Plundering of knowledge and territory
Industrialised countries mine raw materials in areas inhabited by Indigenous Peoples and appropriate the knowledge and culture of these peoples. Leiden anthropologists work to protect their rights.
Industrialised countries mine raw materials in areas inhabited by Indigenous Peoples and appropriate the knowledge and culture of these peoples. Leiden anthropologists work to protect the rights of the Indigenous Peoples. Thanks to their knowledge and advice, governments can purchase more sustainable products.
The affluent lifestyle of industrialised countries requires incredible amounts of raw materials. These are often extracted in areas inhabited by Indigenous Peoples, thus threatening their way of life. Companies from industrialised countries also appropriate the knowledge and culture of these peoples without offering them anything in return. Leiden anthropologists investigate the interaction between indigenous peoples and other parties, and study how the rights of Indigenous Peoples are enforced in practice.
The voice of the Agta
Mayo Buenafe – herself a Filipino with indigenous roots – is conducting PhD research on the Agta, a nomadic people who live as hunter-gatherers in the tropical rainforests on the northern most island of the Philippines. The Agta depend on water; rivers and the sea provide them with drinking water, food and transport routes. Through her investigation of their language, traditions and relationship to water, Buenafe was caught in a conflict between the Agta and a mining corporation. This corporation has a permit for mining nickel and chromium in the area inhabited by the Agta, which has resulted in water pollution and is threatening their livelihood. Buenafe followed the Agta in their protest actions, recorded these events, and became indirectly involved in a court case led by human rights activists who ultimately forced the mining corporation to compensate the Agta for the damage.
After her PhD defence, she hopes to return to the Agta to share with them the results of her research. She also wants to make a film recording ancient Agta traditions for future generations, and to organise workshops for non-indigenous administrators. In this way, Buenafe hopes that when administrators make new plans for the area, the voice of the Agta will be heard too.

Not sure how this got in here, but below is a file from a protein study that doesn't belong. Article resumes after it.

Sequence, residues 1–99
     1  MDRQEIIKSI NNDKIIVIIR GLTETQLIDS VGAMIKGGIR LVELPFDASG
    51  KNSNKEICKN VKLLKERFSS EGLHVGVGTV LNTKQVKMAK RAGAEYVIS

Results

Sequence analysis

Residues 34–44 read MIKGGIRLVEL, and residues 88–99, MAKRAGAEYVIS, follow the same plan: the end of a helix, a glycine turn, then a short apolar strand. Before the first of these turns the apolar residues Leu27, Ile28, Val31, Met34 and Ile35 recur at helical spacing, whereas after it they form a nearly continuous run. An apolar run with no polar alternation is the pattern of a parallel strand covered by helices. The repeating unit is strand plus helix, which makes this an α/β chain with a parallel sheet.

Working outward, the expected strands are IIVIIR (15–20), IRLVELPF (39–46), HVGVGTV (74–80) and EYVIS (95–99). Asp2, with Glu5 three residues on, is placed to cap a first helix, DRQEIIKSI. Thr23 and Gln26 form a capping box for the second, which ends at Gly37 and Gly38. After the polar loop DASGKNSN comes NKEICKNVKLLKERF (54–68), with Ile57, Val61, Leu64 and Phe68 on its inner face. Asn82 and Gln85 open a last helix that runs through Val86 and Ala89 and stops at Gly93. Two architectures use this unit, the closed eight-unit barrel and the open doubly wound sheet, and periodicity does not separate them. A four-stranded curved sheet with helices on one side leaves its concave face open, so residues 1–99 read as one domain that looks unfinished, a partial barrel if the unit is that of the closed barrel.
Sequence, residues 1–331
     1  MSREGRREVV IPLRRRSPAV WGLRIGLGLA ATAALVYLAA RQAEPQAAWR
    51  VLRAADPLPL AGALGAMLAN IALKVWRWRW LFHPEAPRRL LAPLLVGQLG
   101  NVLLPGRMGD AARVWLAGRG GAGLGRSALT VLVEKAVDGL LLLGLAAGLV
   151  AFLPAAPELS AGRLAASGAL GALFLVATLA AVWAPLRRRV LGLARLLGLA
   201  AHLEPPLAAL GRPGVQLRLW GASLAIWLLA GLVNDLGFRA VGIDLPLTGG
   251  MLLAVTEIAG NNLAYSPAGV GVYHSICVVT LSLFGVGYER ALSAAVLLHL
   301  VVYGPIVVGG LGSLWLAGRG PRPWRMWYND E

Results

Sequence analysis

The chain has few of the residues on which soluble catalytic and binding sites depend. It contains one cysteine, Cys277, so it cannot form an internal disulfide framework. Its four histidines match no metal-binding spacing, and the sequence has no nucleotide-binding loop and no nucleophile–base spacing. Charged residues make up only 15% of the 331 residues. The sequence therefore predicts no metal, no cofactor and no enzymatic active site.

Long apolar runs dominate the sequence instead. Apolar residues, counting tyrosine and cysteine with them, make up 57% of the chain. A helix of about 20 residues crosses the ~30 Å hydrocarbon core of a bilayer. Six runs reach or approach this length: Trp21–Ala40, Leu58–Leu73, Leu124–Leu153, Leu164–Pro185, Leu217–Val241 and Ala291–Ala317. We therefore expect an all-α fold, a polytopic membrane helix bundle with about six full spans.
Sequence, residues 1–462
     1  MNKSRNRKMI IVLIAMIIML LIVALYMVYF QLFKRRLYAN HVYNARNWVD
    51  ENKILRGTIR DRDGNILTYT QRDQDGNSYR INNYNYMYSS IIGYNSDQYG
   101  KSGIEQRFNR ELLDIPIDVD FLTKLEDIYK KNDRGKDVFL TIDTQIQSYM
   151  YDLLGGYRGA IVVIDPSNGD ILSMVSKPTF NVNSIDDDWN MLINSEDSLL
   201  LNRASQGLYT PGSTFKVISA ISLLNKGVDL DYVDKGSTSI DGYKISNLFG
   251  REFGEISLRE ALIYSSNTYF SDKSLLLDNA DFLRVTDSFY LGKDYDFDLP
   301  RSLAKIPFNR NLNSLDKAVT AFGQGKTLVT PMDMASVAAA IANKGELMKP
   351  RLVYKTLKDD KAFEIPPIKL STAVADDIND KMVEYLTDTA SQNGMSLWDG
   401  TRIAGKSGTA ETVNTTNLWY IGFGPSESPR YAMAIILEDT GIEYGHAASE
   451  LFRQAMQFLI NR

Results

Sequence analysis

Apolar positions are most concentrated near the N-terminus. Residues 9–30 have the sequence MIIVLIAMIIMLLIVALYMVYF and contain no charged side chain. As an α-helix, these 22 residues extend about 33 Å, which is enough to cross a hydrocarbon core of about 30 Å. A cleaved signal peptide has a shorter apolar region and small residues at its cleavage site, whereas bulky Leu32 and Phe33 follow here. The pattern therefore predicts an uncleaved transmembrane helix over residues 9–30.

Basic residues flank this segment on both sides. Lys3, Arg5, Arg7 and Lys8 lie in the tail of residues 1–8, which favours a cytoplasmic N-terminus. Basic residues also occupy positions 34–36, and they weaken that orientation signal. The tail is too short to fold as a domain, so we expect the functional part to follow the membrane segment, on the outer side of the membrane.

Not only the raw materials, but also the culture and knowledge of Indigenous Peoples are simply appropriated by industrialised countries, often without any compensation. Companies from rich countries freely draw from ‘ethnic’ music and art unprotected by copyright. An example of this is a British pharmaceutical manufacturer that in 1998 patented the cactus plant Hoodia Gordonii, which had been used for centuries by the South African San or Bushmen to suppress appetite. The company wanted to use this plant to combat Western obesity without respecting the intellectual property of the San people. For decades now, Leiden anthropologist Gerard Persoon has been one of the few researchers to investigate this kind of injustice worldwide and publish his findings. Nowadays, the rights of Indigenous Peoples are better protected, for instance by the UN Declaration on the Rights of Indigenous People. Persoon is currently investigating how effective these treaties are in practice.
The anthropologists’ specialised knowledge of remote areas and cultures makes them valuable partners for anyone who champions sustainability. Gerard Persoon is for instance a member of the Advisory Committee for Sustainable Wood, which reports to the Dutch State Secretary of Infrastructure and Environment. The State Secretary is responsible for purchasing sustainable wood on behalf of the Dutch government. This raises a number of questions: In what countries are woodworkers given decent housing and sufficient food? Where are the rights of Indigenous Peoples respected? Persoon is able to provide a realistic view of the situation. Thanks to this process, the use of ecologically and socially sustainable wood has substantially increased in the Netherlands.